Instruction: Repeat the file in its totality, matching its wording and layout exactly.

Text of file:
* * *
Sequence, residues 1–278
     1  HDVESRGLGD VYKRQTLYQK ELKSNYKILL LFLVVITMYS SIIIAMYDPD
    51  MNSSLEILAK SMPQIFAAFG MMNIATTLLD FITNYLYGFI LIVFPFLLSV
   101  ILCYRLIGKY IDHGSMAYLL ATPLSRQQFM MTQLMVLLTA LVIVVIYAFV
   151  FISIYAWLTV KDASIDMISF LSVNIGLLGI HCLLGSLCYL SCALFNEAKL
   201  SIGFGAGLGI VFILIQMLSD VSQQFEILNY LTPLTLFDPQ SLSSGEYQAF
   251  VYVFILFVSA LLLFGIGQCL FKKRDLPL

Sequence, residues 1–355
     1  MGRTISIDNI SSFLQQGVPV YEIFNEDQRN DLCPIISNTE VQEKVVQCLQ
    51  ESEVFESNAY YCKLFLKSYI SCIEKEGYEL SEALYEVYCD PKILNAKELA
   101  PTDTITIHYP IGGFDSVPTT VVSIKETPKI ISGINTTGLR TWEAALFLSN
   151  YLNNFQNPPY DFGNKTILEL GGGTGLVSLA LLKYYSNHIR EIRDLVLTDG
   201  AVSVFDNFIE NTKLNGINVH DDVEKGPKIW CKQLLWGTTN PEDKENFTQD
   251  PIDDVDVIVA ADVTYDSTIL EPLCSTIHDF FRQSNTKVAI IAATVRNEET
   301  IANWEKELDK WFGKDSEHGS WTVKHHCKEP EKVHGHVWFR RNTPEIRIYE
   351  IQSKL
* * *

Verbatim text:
Sequence, residues 1–278
     1  HDVESRGLGD VYKRQTLYQK ELKSNYKILL LFLVVITMYS SIIIAMYDPD
    51  MNSSLEILAK SMPQIFAAFG MMNIATTLLD FITNYLYGFI LIVFPFLLSV
   101  ILCYRLIGKY IDHGSMAYLL ATPLSRQQFM MTQLMVLLTA LVIVVIYAFV
   151  FISIYAWLTV KDASIDMISF LSVNIGLLGI HCLLGSLCYL SCALFNEAKL
   201  SIGFGAGLGI VFILIQMLSD VSQQFEILNY LTPLTLFDPQ SLSSGEYQAF
   251  VYVFILFVSA LLLFGIGQCL FKKRDLPL

Sequence, residues 1–355
     1  MGRTISIDNI SSFLQQGVPV YEIFNEDQRN DLCPIISNTE VQEKVVQCLQ
    51  ESEVFESNAY YCKLFLKSYI SCIEKEGYEL SEALYEVYCD PKILNAKELA
   101  PTDTITIHYP IGGFDSVPTT VVSIKETPKI ISGINTTGLR TWEAALFLSN
   151  YLNNFQNPPY DFGNKTILEL GGGTGLVSLA LLKYYSNHIR EIRDLVLTDG
   201  AVSVFDNFIE NTKLNGINVH DDVEKGPKIW CKQLLWGTTN PEDKENFTQD
   251  PIDDVDVIVA ADVTYDSTIL EPLCSTIHDF FRQSNTKVAI IAATVRNEET
   301  IANWEKELDK WFGKDSEHGS WTVKHHCKEP EKVHGHVWFR RNTPEIRIYE
   351  IQSKL